Patze
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tuckerdog

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Re: CAN WE DONATE BLOOD??
« Reply #24 on: July 19, 2009, 09:54:41 PM »
Here is something I imagine nobody else had heard.  My opthamologist has been studying SJS for years.  He created the disease in mice by stressing them with dry air blowing on them.  Once he had the SJS mice he transfused blood from the SJS mice into normal mice.  Guess what.  The transfused mice also came down with SJS.  I used to be a regular blood donor.  Not anymore.

Tuckerdog

Bernice

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Re: CAN WE DONATE BLOOD??
« Reply #25 on: July 19, 2009, 10:50:42 PM »
Tuckerdog,

I do believe that to be most scary! Just let me get this one straight. Are you saying regular dry everyday, every minute, every second AIR, that we breath???? If not what the heck is "DRY" air???? Without moisture????? I so what was it, the air or the stress OR combination of both???????????? What environment was this AIR from????

These are just a few questions you may need to take back to him, then please come back with the answer

Simple minded questions are often at the root of great mysteries.

This may confirm the suggestion that a virus is the cause!
Who is this mad scientist anyway? Is he still studying????

Peace & Be Blessed!
Bernice

stillsguy

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Re: CAN WE DONATE BLOOD??
« Reply #26 on: July 19, 2009, 11:25:37 PM »
To Linda,

for what it's worth, i just could not let your grand sweeping declaration pass uncorrected, but hep c IS an autoimmune disease. Many bugs, microbes, viruses (including hepatotropic viruses) can leave those predisposed to AI disorders caught between a rock and a hard place. It's the result of b-cell activation.


Sometimes cells fail to die, apoptisis, and the host goes onto cancer or perpetual b-cell activation, as evidenced by RF antigens, NH lymphoma, the various infirmities of myriad ctd's, etc etc.Im very interested in bugs, their length of stay in the host, genetics and all the solar influences in the manifestation of certaindiseases.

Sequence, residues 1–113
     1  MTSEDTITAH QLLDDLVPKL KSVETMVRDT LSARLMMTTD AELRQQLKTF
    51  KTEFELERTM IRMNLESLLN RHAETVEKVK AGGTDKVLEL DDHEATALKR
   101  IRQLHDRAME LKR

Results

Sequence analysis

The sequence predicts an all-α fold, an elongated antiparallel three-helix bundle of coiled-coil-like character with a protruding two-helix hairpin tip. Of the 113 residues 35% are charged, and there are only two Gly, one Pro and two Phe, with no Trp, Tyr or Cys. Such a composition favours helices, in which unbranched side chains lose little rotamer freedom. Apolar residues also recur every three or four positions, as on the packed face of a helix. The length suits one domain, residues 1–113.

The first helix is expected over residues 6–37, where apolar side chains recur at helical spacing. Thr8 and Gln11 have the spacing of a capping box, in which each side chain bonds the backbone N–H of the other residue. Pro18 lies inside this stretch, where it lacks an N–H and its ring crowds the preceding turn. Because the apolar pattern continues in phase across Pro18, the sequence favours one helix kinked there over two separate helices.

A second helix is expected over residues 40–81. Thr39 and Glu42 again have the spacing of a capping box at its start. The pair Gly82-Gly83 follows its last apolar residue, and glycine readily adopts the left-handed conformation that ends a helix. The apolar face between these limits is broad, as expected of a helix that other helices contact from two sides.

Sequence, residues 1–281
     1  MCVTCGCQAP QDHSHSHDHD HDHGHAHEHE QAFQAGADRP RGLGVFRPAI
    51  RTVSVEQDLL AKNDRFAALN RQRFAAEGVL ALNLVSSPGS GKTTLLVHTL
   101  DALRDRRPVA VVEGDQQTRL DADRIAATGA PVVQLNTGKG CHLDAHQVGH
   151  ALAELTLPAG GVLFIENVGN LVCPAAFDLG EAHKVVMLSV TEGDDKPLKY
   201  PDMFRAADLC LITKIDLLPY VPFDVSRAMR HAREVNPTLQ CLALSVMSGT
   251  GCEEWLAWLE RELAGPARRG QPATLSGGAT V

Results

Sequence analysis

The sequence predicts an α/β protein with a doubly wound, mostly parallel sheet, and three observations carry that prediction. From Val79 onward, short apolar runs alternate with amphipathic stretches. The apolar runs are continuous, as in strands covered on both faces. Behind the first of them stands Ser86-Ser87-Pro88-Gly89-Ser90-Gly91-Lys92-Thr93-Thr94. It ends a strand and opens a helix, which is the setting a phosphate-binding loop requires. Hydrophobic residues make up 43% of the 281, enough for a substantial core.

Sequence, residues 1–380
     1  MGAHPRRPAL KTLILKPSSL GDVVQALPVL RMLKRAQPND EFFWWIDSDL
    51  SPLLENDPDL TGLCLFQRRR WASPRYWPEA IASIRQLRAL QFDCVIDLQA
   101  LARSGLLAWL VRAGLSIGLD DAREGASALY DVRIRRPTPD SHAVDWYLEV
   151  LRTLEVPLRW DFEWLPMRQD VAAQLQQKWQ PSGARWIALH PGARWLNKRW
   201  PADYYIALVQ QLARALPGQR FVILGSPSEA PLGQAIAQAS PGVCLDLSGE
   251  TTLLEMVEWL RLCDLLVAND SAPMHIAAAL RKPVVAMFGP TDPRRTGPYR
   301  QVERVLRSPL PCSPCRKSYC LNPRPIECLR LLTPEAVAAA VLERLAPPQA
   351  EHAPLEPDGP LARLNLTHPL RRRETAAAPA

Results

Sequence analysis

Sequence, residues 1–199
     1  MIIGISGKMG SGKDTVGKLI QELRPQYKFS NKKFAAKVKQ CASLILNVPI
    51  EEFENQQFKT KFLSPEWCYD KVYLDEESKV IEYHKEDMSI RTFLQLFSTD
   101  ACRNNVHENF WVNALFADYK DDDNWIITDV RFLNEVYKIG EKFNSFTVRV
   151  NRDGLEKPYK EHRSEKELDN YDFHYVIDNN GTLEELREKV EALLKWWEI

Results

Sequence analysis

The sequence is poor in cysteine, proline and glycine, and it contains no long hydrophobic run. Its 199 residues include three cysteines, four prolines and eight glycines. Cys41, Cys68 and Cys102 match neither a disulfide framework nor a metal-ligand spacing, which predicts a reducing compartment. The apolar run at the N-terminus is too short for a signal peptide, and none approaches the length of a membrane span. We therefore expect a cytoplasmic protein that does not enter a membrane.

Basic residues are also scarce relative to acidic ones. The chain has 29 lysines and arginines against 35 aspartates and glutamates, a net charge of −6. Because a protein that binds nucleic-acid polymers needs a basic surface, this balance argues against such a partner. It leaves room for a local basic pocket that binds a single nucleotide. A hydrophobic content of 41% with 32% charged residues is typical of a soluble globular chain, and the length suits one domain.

My own feeling is thdt some bug vombined with some genetics and some other dumb luck equals the flavor of the ctd; of course

Linda196

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Re: CAN WE DONATE BLOOD??
« Reply #27 on: July 20, 2009, 05:08:33 AM »
Hello Stillsguy, welcome to Sjogren's World. Thanks for chiming in here. As you will see as you get to know us, any and all input is of great value, and I learn from all comments, and hope that others do too.

I understand your point, and because there are subtle variations in the definition of the various forms of hepatitis, its easy to interpret in a number of ways.

I was basing my comment on the evolution of the immune system in some people after infection with the hep C virus, resulting in autoimmune hepatitis, which is considered to be a different form of the disease. Of course my comment is only my opinion, and while it is shared by the medical people I deal with personally, I know there are many schools of thought on the subject, and there is a good case to be made for Hep C being exclusively an autoimmune disease.

Infection with the hepatitis C virus (HCV) can lead to autoimmune hepatitis in a minority of patients. This means that the liver cells are damaged not only by the virus but also by the body's own immune system. Not all people with Hep C will develop autoimmune hepatitis, and not all cases of autoimmune hep are preceded by Hep C.